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Free vibration analysis of a functionally graded material beam: evaluation of the Haar wavelet method.

1. INTRODUCTION

Accuracy and complexity are two key factors characterizing any numerical method. The Haar wavelet method (HWM) considered in the current study was introduced by Chen and Hsiao in [1,2] almost 20 years ago and up to now it has been applied for solving a wide class of differential and integral equations covering engineering, economic, etc. problems [3-7]. An overview of the applications of the HWM is given in [8]. The wavelet techniques based on the use of an operational matrix of integration are developed for solving ordinal and partial differential equations in [1-10] and for integral equations in [11-13]. All these studies implement the strong formulation based approach of the HWM. The weak formulation based approach of the HWM was introduced in [14].

Most of the authors characterize the HWM as a simple and effective method [3-9]. These estimates cover mainly implementation of the HWM, less its accuracy and convergence results, which are still under development. It is shown in [15] that in the case of function approximation with direct expansion into the Haar wavelet the convergence is of order one. However, according to the HWM approach considered, the highest order derivative included in the differential equation is expanded into a series of Haar functions. Thus, the estimate given in [15] holds good for estimating the accuracy of the highest order derivative, but not the solution of the differential equation. Recently, the convergence theorem of the HWM was proved in [16] for the nth order ordinal differential equations (ODEs) (n [greater than or equal to] 2). It was stated that the order of convergence of the HWM is equal to two. In [17] the accuracy estimates for the extrapolated results in the case of the fourth order ODE are derived, and it is shown that the order of convergence of the extrapolated results is equal to four (Richardson extrapolation is applied).

The application area of new simple methods often includes problems with advanced material models, constitutive laws, etc., which are not yet (well) covered by commercial software.

A new trend in the development of wavelet methods can be outlined as solution of fractional differential and integral equations [15, 18-24], which is an area not yet well covered by commercial software (finite element method (FEM), etc.). It is observed in [21] that in the case of fractional ODE the order of convergence of the HWM is equal to two if higher order derivative [alpha] in the fractional differential equation exceeds one ([alpha] > 1). However, in the case of 0 < [alpha] < 1 the order of convergence of the HWM tends to the value 1 + [alpha].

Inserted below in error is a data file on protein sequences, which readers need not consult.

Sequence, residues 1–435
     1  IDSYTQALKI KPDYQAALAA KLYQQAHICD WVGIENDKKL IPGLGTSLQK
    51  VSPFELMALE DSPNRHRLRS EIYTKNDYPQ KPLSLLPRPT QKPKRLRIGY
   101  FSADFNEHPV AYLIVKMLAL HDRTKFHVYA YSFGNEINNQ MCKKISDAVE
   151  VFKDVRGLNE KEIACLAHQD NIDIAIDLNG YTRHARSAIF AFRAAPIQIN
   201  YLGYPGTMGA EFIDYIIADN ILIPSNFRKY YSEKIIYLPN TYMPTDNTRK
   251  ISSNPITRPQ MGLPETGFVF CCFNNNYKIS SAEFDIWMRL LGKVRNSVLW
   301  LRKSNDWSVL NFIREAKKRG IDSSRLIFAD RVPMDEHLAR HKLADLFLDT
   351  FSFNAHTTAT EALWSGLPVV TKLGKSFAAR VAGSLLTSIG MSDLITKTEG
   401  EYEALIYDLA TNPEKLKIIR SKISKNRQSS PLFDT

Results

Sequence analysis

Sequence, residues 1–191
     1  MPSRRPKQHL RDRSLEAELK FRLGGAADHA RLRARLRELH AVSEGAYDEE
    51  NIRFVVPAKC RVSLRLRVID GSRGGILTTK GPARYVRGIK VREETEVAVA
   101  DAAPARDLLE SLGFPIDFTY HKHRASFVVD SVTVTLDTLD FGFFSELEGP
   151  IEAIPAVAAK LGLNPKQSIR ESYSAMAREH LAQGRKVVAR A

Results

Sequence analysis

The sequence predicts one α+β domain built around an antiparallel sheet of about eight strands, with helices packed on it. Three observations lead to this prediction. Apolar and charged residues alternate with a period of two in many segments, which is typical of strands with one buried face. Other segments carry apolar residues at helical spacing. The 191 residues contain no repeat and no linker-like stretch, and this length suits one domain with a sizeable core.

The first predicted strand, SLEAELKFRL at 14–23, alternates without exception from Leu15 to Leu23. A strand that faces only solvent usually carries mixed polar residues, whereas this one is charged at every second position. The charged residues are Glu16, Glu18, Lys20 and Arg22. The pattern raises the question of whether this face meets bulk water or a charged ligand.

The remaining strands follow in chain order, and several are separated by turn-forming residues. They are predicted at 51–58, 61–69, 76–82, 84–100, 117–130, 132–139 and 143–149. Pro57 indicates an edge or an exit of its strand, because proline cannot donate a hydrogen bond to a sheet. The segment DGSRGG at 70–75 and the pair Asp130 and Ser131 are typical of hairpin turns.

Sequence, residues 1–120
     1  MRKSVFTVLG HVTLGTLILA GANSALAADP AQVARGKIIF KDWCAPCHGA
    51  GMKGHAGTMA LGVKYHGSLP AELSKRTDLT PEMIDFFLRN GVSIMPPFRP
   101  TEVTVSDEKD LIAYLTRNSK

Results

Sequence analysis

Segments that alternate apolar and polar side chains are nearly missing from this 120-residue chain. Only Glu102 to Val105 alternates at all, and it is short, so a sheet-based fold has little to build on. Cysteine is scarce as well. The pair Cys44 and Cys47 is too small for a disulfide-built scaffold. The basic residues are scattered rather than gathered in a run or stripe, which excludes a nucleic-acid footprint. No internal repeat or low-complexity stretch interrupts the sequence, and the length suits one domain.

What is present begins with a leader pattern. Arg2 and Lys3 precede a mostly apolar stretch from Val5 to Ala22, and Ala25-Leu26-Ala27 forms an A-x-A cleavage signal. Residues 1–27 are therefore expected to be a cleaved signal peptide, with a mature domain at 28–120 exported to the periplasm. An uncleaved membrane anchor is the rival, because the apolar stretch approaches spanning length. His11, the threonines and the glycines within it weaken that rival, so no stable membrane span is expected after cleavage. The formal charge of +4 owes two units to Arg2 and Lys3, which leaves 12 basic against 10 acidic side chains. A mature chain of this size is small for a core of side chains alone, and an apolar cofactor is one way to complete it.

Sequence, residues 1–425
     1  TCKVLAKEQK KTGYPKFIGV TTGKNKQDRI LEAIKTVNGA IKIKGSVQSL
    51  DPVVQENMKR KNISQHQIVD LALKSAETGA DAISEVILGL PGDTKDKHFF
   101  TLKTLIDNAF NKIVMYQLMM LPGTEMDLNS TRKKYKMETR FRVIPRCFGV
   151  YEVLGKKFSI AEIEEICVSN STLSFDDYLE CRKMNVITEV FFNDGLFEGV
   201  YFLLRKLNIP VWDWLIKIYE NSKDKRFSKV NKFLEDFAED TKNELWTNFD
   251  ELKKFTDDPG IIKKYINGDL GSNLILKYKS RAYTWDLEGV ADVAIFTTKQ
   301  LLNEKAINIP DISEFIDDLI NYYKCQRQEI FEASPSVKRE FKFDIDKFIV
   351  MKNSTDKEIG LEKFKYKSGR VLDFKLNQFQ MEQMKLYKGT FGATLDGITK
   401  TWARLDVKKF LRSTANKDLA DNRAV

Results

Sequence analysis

In [25,26] the HWM was adapted for the analysis of structures of functionally graded material (FGM). In the current study the vibration analysis of the FGM beams is performed and the results obtained by the HWM are compared with the corresponding results obtained by using the finite difference method (FDM) and the differential quadrature method (DQM). Selection of FDM and DQM for comparison of results was motivated by the fact that these methods are widely used numerical methods in engineering and are based on strong formulation (the complexity of implementation is similar). The methods considered are implemented by the authors in the MATLAB code.

In order to verify the obtained results and prepare solution procedures for structures with complex geometry and loading cases, the solid element 3D finite element model was developed.

2. BASICS OF HAAR WAVELETS

The Haar function is defined in [8,9] as

[mathematical expression not reproducible] (1)

In (1) i = m + k + 1, m = [2.sup.j] is the maximum number of square waves that can be sequentially deployed in interval [A, B] and the parameter k indicates the location of the particular square wave,

[mathematical expression not reproducible] (2)

The Haar functions are orthogonal to one another and form a good transform basis

[mathematical expression not reproducible] (3)

Any function f (x) that is square integrable and finite in the interval ([A, B] can be expanded into Haar wavelets as

[mathematical expression not reproducible] (4)

The integrals of the Haar functions (1) of order n can be calculated analytically as [9]

[mathematical expression not reproducible] (5)

The integrals of the Haar functions determined by (5) are continuous functions in the interval [A,B].

3. FREE VIBRATION ANALYSIS OF THE FGM BEAM

In the following the free vibration analysis of the FGM beam is considered [27-29]. It is assumed that the material properties of the beam of length L vary axially. The governing differential equation of the beam can be written as

[mathematical expression not reproducible] (6)

The varying properties of the bending stiffness EI(x) and the distributed mass per unit length [rho]A(x) are described by exponential functions as

[mathematical expression not reproducible] (7)

The reference values of the bending stiffness and distributed mass per unit length at x = 0 are denoted by EI(0) and [rho]A(0), respectively. Relation (7) is used in a number of papers [27-29]. The volume fractions of the material corresponding to relation (7) can be derived as

[mathematical expression not reproducible] (8)

The wavelet method approach considered can be applied for a wide range of functions describing properties of FGM. In the following a more general power law relation for describing FG materials is considered:

[mathematical expression not reproducible] (9)

[mathematical expression not reproducible] (10)

Here k is the non-negative power-law exponent describing the material variation profile along the length of the beam and the indexes L and R stand for the values of the material properties on the left and right support of the beam, respectively. Relations (9)-(10) seem to be the most widely used relations for describing FGM properties found in the literature [30].

In the following the solution of the partial differential equation (6) is assumed in the form

w(x,t) = W (x)sin([omega]t). (11)

Considering Eqs (7) and (11), the governing differential equation (6) can be rewritten in a non-dimensional form as

[mathematical expression not reproducible] (12)

where

[mathematical expression not reproducible] (13)